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Types of Federalism

cooperative federalism

Cooperative federalism is a form of government in which states and the national government share policy assignments and powers. In addition, they can share financial responsibility, blame for failed programs, and administration logistics.

dual federalism

Dual federalism is a government system in which the national government and the states each have their own specific areas of power and rule unquestioned within them. It is the opposite of cooperative federalism.

horizontal federalism

State governments employ horizontal federalism when dealing with issues, activities, and policies that require them to interact with each other. The Constitution sets out three main rules that states must follow when using horizontal federalism: they must observe the full faith and credit clause, they must give to other states' citizens the benefits their own citizens receive, and they must comply with extradition procedures.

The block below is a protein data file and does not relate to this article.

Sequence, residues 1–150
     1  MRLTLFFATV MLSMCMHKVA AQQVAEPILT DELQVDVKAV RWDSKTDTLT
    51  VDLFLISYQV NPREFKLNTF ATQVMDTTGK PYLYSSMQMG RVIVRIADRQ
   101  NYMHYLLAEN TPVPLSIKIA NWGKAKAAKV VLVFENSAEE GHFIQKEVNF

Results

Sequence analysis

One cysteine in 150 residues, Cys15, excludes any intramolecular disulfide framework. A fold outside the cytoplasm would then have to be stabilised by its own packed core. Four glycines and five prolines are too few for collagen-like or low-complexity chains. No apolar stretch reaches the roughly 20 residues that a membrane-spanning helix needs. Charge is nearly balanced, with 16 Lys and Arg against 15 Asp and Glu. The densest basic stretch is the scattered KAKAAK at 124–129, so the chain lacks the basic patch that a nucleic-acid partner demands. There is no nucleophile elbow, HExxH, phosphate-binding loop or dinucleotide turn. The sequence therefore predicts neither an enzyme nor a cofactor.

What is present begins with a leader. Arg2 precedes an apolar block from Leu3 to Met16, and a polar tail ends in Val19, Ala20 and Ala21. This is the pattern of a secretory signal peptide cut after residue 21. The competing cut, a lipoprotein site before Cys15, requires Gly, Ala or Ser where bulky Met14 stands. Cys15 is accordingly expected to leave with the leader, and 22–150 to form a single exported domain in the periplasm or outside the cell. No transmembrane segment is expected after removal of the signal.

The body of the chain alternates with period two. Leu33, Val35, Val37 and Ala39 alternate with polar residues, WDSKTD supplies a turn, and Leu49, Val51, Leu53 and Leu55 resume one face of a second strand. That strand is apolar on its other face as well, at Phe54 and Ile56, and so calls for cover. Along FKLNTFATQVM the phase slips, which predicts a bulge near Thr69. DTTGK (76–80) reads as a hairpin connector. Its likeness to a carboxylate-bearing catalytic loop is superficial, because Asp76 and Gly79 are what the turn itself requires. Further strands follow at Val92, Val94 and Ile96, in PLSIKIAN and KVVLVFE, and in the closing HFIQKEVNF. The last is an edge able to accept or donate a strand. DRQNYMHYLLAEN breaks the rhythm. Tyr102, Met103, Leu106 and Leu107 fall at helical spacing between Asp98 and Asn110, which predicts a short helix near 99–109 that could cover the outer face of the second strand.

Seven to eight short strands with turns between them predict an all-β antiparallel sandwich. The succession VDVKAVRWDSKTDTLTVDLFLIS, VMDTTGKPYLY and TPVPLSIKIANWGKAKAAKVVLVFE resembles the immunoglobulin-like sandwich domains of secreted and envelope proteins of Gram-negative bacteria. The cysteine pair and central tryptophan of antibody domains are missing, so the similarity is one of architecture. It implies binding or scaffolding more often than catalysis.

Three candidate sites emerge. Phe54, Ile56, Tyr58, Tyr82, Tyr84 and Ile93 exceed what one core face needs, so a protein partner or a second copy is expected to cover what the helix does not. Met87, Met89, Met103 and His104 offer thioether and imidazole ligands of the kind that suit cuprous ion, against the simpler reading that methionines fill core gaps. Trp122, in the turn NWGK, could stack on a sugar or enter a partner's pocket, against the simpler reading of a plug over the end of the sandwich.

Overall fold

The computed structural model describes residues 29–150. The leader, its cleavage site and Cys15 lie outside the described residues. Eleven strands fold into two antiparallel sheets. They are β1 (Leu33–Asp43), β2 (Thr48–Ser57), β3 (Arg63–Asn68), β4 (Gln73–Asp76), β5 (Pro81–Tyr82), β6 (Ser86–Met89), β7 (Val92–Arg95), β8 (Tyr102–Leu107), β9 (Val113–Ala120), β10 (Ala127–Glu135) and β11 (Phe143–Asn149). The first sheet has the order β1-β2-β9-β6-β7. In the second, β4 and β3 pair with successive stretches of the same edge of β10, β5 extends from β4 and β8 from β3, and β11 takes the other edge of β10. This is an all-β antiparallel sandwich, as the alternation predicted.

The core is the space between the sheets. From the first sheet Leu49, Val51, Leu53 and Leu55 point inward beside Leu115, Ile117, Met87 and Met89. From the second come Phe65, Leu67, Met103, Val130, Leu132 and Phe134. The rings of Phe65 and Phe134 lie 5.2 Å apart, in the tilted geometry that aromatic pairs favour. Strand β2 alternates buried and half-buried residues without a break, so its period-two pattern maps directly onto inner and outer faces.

regulated federalism

Regulated federalism is a form of federalism in which Congress enforces legislation on states, demanding they meet national standards. Some oppose the implementation of national standards on the basis that the federal government does not always share the same values or concerns as individual states.


From: "Forms of Federalism." American Government,ABC-CLIO, 2016, 

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